I’ve known many young men that professed to be fervent strugglers walk to their execution. What type of statement does this make? It says hey, this is OK. This is fine to be happening. Some of these persons have accepted last meals! What type of statement does this make? It says – I now eat from my enemies’ hand. The same system that kept me confined and mentally tortured awaiting murder now wants to give me a feast. How sadistic is that?
We have allowed a sense of acceptance of this inhumane process to go on. We have allowed a visual of acceptance that our lives are not worth anything. We’re to blame for this. As I have discussed my stance not only with fellow comrades, but my family as well, I have declared that I will fight to the end. I have also declared that others should do the same.
We have to realize that a statement MUST be made to society that this is NOT OK and we do not accept it. If I reach out for help from compassionate and human members of society I feel it’s the ultimate sacrifice for me to show I meant my life was worth something. I will not dignify my captors, oppressors and murderers by eating food from them; a meal that at no other time would they offer me. Their bon voyage banquet will NOT be accepted here. We must get this society’s attention.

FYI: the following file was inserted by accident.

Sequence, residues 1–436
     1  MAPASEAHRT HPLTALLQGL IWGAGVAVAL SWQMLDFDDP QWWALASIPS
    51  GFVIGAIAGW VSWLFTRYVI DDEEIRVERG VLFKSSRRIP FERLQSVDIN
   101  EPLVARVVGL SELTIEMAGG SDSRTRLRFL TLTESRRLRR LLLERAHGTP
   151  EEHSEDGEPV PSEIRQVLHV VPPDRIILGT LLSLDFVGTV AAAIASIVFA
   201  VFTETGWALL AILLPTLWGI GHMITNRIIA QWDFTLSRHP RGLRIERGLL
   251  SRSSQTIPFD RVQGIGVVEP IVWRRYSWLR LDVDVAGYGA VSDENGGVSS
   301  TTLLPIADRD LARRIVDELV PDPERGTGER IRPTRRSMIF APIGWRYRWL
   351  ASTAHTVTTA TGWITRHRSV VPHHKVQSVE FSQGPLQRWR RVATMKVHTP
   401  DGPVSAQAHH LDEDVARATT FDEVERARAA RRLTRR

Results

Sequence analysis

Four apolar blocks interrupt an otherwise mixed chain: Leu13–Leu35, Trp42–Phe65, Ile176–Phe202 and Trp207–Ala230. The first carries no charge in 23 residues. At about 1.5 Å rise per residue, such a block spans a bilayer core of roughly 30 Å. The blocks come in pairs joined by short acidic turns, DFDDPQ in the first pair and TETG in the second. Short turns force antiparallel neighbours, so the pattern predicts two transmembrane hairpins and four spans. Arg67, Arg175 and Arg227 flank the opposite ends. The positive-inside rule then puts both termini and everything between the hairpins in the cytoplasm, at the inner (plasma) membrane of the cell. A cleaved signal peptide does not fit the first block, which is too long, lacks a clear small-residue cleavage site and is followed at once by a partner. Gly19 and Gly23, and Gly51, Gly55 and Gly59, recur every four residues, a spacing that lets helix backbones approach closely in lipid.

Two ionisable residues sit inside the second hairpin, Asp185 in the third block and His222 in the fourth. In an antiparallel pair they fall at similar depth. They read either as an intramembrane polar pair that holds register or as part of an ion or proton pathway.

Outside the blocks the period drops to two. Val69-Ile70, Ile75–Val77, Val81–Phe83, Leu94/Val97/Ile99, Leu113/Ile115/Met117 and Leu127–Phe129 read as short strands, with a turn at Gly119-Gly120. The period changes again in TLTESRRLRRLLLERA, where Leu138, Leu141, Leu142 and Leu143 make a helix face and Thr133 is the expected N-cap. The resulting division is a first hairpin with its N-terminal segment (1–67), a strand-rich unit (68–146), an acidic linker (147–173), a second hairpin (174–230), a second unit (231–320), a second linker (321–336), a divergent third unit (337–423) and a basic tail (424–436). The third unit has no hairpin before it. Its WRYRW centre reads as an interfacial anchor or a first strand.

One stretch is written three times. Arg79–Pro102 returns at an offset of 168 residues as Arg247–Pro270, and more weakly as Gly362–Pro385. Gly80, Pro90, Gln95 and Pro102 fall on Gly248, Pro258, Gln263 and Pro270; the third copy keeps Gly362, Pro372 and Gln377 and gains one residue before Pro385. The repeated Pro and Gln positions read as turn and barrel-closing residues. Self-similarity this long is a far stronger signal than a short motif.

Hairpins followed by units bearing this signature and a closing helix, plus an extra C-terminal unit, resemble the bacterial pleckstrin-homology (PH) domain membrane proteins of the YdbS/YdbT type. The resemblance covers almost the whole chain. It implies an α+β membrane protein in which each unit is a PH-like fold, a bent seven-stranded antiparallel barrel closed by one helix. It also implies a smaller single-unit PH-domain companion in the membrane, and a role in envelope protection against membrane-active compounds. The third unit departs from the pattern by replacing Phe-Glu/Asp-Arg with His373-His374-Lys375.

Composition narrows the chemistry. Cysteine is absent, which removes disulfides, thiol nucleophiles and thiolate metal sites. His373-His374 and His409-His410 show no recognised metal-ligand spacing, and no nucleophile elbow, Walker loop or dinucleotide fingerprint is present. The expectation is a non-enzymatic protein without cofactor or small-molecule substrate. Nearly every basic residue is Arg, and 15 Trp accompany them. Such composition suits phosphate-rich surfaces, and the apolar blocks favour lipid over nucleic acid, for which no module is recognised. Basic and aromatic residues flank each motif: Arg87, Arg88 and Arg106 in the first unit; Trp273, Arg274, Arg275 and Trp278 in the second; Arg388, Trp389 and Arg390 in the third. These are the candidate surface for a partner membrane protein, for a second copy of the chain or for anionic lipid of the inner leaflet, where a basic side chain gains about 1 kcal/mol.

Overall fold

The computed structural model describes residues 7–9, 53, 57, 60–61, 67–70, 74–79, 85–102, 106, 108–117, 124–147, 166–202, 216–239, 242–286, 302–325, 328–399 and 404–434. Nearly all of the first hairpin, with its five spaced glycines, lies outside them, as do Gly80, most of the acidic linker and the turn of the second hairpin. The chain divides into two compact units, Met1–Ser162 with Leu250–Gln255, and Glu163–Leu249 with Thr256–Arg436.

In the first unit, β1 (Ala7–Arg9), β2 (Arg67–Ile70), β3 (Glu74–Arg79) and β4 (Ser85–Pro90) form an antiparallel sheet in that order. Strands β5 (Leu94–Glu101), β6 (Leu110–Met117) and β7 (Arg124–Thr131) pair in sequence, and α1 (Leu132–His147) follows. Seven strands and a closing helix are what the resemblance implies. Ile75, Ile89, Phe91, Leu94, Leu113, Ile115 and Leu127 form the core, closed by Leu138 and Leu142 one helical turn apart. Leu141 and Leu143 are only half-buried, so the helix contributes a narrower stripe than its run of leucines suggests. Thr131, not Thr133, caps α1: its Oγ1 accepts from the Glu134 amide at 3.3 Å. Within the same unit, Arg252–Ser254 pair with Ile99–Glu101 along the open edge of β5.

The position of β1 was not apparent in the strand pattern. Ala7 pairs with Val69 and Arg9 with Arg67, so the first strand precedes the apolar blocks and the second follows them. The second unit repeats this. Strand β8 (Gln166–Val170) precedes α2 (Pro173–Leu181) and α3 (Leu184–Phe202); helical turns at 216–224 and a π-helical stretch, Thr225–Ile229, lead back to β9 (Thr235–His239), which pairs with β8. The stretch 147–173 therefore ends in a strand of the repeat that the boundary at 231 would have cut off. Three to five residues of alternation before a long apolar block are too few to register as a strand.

The day after Desmond’s fight a Sgt. that was present spotted me in the day room and called me to him. He told me if I ever did that again I’d find myself in solitary (it would be written as “creating a disturbance”). He said he was not “threatening” me, but was just telling me. I told him “I knew that yesterday;” and walked off. His point was – don’t ever speak up for yourself or another inmate; in fact your actions may ignite others. MY point is – at that point 11/16/99, I decided to fight with my comrades the best way I could and would do the same for myself and the cause. I will follow in the path (if my time comes) of vigilant brothers like Shaka Sankofa, Ponchai “Kamau” Wilkerson and Emmerson “Young Lion” Rudd.